• Much thanks to sock monkey for finding that “Our House” cover from last week’s episode.
  • Veronica didn’t tell her father about Hermione/Fred, but supposedly Clifford did. How did Clifford find out? Did he even do it? Is this all part of the duplicitous plan of Hermione Lodge: Blossom Butcher?
  • Penelope: “You’re good and decent, Archibald. Unlike most people in this town… I swear, Archibald, when the light hits you just right…” Ignoring that people in Riverdale really want to act like Archie and Blossom look anything alike outside of hair color, I’m surprised no one ever makes a music connection between Archie and Jason. Remember, Jason also received private music lessons from “Ms. Grundy,” and while Betty tried to grill her on that, it’s possible they were actual music lessons. The biggest problem, however, is that in all of this talk of what Jason was like, I still couldn’t tell you what he was like. We still have no sense of his personality outside of the football “playbook” and his genuine love for Polly. We don’t even know what he sounds like.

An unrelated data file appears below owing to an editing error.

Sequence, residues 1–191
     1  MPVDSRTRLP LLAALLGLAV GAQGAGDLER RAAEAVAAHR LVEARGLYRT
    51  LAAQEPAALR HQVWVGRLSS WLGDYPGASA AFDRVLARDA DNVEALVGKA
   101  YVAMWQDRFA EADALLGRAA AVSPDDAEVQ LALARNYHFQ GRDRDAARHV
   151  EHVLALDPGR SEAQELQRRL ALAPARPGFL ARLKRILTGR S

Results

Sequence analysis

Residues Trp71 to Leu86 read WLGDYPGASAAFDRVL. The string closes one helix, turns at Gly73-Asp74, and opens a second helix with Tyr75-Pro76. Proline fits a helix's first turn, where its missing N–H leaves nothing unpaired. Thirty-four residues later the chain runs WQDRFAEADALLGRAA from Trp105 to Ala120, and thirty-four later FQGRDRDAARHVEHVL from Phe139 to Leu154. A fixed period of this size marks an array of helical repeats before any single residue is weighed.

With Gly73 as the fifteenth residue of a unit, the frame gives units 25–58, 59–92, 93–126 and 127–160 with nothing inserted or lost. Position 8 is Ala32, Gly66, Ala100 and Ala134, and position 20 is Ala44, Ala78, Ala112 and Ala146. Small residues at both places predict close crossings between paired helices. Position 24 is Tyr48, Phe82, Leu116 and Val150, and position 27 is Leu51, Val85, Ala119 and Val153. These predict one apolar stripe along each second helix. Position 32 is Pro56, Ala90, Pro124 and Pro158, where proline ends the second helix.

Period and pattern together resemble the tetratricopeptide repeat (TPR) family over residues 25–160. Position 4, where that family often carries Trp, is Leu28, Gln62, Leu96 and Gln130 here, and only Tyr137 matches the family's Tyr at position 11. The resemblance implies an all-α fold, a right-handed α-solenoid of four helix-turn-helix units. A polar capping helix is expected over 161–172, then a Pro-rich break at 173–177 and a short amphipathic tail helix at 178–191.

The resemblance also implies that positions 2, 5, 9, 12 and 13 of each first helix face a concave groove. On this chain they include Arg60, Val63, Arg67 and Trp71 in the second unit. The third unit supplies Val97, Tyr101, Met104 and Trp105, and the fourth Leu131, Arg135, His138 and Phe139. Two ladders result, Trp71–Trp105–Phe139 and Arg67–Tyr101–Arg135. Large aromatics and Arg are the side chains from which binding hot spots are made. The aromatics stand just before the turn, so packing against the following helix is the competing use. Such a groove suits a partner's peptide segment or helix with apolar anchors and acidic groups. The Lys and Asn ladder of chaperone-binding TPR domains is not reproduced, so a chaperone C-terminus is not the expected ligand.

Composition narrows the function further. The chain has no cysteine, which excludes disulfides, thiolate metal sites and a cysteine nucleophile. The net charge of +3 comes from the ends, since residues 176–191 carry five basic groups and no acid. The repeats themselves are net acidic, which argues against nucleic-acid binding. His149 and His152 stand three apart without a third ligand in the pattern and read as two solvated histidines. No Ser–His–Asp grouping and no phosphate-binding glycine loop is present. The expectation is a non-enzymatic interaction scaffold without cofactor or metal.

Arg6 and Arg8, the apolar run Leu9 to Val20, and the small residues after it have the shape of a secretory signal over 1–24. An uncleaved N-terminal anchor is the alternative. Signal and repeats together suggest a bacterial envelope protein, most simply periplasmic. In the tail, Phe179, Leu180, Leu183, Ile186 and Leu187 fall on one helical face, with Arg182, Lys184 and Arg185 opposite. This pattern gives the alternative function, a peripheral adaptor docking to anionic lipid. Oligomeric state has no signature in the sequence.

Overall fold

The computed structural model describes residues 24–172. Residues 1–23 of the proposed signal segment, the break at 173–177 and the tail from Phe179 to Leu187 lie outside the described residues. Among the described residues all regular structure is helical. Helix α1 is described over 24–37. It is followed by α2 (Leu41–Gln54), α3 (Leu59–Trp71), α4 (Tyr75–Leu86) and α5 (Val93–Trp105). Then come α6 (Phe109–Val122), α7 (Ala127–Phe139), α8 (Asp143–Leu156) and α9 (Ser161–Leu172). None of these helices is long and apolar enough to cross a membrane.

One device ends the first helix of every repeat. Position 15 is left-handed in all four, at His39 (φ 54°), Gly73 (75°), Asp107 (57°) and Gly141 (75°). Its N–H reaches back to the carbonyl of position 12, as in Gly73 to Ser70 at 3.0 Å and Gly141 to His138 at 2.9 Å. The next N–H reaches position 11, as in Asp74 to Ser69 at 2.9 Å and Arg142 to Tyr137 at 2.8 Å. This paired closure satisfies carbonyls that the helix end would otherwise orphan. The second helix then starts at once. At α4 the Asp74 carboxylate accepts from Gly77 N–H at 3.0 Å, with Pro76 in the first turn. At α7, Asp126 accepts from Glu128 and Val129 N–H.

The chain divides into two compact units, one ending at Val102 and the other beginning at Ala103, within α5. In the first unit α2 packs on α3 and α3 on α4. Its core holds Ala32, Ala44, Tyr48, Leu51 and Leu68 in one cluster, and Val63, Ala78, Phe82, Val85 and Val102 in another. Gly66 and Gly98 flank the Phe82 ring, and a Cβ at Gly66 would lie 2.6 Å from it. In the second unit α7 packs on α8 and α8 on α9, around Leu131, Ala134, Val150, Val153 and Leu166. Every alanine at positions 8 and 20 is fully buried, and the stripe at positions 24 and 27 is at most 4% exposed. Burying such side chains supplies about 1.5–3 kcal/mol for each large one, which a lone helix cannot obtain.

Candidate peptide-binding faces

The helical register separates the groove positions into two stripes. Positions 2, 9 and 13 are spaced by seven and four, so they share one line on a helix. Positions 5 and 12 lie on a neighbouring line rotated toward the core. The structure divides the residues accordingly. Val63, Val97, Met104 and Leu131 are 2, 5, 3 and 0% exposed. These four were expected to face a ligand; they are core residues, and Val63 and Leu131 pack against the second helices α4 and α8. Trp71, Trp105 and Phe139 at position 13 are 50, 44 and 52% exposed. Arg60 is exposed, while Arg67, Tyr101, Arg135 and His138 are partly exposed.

• If Archie were a smarter boy—or if anyone ever questioned the Blossom twins’ relationship—he’d be weirded out by how into him Cheryl is, especially with all the talk of how similar he is to Jason. I realize that the big “i” looms over everything Cheryl says and does when it comes to brother, but this episode lays it on thick like it did in the first few episodes. I have no problem believing Riverdale would go there, but from what I’ve read, it’s more a running joke behind the scenes than something that will come to fruition.
  • Archie: “And don’t worry, Ronnie. I can take care of myself.”
    Veronica: “Famous last words, Archiekins.” Every episode so far has proven Archie cannot take care of himself.
  • Hal: “I am not publishing your personal vendetta.” This is from the man who destroyed his entire family over a centuries old maple syrup feud.
  • Cheryl: “I’ll pass your message along.”
    Betty: “Thank you.”
    Cheryl: “If I remember.”
    Jughead: “Cheryl!”
    Cheryl: “That was a joke, you hobo.” And that joke pushes Betty to join Alice Cooper’s Blossom family exposé cause.
  • Cheryl: “Mr. Andrews! Nice haircut. Looking extremely DILF-y today.”